The Mirena intrauterine device (IUD) is an implanted device designed to provide trouble-free birth control for upwards of five years. First introduced in 2000, the Mirena IUD has been gaining in popularity, not the least of which is due to recent health care changes in the US that provide women access to all forms of birth control, regardless of cost. To date, there are more than two million women in the US currently using the Mirena device.
But there have been growing concerns over Mirena uterine perforation, and the tendency for the device to migrate away from its placement zone over time. Lawsuits continue to be filed, and Kelli Baugh’s may be the first to go to trial. Kelli Baugh v. Bayer Corporation (USDC, District of South Carolina, 4:11-cv-00525) was scheduled for a May 6, 2013 trial date.
Lawsuits against Bayer Healthcare Pharmaceuticals, the manufacturer of the Mirena IUD, have been filed in state court in New Jersey, where Bayer maintains its US headquarters. More than 60 lawsuits against Bayer are currently pending in state court, together with all future Mirena lawsuits filed in the state of New Jersey transferred to state court in Bergen County. The centralization was so ordered by the state Supreme Court, with Judge Brian Martinotti having scheduled a hearing on the case for June 17.
Further cases in federal court are consolidated by way of Multidistrict Litigation (Mirena MDL In Re: Mirena IUD Products Liability Litigation, Multidistrict Litigation No. 2434, United States District Court, Southern District of New York).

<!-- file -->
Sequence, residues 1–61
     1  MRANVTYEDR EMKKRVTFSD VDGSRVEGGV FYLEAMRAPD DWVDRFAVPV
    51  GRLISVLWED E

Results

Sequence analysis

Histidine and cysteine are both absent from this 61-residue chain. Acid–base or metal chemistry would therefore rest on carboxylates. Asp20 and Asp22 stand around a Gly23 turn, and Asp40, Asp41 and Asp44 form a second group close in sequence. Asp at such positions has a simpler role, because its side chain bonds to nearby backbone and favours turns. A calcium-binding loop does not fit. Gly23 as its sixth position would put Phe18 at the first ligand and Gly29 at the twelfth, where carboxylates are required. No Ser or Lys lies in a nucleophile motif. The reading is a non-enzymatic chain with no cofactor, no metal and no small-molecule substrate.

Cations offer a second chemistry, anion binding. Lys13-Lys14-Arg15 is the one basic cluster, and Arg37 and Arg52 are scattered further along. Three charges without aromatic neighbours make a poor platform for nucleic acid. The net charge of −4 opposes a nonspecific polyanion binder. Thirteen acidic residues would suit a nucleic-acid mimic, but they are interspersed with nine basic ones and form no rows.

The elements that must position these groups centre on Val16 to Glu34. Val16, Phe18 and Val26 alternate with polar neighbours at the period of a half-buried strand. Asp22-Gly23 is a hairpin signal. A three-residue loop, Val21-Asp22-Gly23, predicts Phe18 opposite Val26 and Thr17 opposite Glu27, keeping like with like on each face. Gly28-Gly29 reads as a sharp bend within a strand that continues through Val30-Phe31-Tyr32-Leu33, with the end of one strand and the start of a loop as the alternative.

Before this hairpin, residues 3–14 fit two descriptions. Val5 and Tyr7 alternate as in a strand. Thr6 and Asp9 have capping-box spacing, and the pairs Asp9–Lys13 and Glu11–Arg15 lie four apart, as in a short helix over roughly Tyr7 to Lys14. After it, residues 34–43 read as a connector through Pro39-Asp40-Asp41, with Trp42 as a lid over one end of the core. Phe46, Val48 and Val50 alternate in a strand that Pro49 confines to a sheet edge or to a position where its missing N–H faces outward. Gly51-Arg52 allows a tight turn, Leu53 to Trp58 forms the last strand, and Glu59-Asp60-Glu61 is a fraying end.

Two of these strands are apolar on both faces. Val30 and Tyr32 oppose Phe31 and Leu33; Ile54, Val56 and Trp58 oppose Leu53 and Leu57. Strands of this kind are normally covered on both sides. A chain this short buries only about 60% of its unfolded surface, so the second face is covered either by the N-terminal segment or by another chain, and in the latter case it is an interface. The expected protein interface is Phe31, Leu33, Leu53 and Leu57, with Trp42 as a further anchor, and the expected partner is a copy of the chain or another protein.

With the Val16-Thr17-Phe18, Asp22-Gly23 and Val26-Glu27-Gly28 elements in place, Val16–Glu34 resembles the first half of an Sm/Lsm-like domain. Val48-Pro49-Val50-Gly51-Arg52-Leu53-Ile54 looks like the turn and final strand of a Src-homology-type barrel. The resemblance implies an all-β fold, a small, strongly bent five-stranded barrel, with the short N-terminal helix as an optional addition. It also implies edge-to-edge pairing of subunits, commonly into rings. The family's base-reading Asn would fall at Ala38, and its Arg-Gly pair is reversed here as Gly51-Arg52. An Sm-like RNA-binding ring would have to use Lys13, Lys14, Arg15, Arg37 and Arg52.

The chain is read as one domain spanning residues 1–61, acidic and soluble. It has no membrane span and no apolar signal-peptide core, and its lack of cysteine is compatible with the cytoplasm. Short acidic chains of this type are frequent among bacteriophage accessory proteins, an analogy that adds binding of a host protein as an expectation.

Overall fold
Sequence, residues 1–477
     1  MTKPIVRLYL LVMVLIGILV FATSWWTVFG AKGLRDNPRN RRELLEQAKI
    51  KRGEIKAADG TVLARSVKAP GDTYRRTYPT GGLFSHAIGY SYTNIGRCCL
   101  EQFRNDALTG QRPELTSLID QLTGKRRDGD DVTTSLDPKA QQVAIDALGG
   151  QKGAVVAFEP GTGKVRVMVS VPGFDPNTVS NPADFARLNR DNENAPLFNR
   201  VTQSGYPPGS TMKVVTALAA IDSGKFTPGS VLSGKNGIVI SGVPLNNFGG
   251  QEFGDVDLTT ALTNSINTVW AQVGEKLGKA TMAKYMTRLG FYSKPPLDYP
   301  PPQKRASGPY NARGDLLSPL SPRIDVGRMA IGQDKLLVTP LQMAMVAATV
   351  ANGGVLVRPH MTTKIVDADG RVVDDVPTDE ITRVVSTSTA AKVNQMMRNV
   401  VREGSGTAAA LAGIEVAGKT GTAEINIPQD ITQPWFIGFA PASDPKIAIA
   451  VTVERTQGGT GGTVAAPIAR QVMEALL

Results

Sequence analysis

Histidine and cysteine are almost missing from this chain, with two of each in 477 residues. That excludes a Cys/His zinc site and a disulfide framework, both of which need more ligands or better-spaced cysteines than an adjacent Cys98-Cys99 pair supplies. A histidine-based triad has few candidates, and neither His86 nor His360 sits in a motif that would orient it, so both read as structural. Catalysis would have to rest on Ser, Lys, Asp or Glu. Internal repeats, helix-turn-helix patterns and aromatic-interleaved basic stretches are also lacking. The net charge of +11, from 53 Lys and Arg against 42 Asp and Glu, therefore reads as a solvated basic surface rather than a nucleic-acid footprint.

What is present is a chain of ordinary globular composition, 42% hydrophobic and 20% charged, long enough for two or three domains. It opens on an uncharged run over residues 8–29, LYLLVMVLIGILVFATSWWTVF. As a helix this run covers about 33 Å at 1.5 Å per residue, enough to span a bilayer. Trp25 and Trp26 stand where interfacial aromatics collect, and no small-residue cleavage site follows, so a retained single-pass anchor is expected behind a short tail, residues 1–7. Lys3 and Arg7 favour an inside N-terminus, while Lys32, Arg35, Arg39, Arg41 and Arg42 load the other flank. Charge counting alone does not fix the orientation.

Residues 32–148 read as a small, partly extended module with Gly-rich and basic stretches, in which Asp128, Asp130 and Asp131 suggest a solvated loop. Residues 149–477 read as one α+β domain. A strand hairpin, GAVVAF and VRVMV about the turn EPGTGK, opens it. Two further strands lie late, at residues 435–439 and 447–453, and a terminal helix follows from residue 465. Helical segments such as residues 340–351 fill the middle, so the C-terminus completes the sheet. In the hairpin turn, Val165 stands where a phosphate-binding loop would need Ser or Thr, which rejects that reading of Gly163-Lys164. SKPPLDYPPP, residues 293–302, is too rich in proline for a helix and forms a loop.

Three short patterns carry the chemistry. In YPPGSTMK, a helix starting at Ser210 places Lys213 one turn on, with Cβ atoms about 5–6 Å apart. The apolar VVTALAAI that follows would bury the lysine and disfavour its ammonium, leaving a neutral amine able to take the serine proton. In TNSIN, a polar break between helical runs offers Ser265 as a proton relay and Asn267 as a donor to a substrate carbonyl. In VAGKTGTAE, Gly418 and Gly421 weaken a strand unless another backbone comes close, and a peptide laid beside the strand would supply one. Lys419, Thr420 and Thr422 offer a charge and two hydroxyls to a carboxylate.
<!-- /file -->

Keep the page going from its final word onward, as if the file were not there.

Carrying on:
The Mirena IUD is inserted into the uterus by a woman’s doctor, usually in his office. There is no surgery required. However, a surgical procedure is often undertaken to remove an IUD that has migrated away from the insertion site, perhaps causing damage to the uterine wall in the process. It is also generally held that IUD removal can be far more complex and carry greater risk to the patient, than the initial insertion.
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According to the US Food and Drug Administration (FDA), some of the more serious Mirena side effects include, but are not limited to, ectopic pregnancy, intrauterine pregnancy, pelvic inflammatory disease, and perforation of the uterine wall or cervix. In 2009, following issuance of the Bayer Mirena warnings, the FDA took Bayer Healthcare to task for overstating the effectiveness of Mirena, which is also prescribed to women plagued with heavy menstruation cycles.
Bayer has said it intends to defend itself vigorously against all claims of Mirena side effects, and continues to defend its product as safe and effective in spite of continuing reports of injury and complications.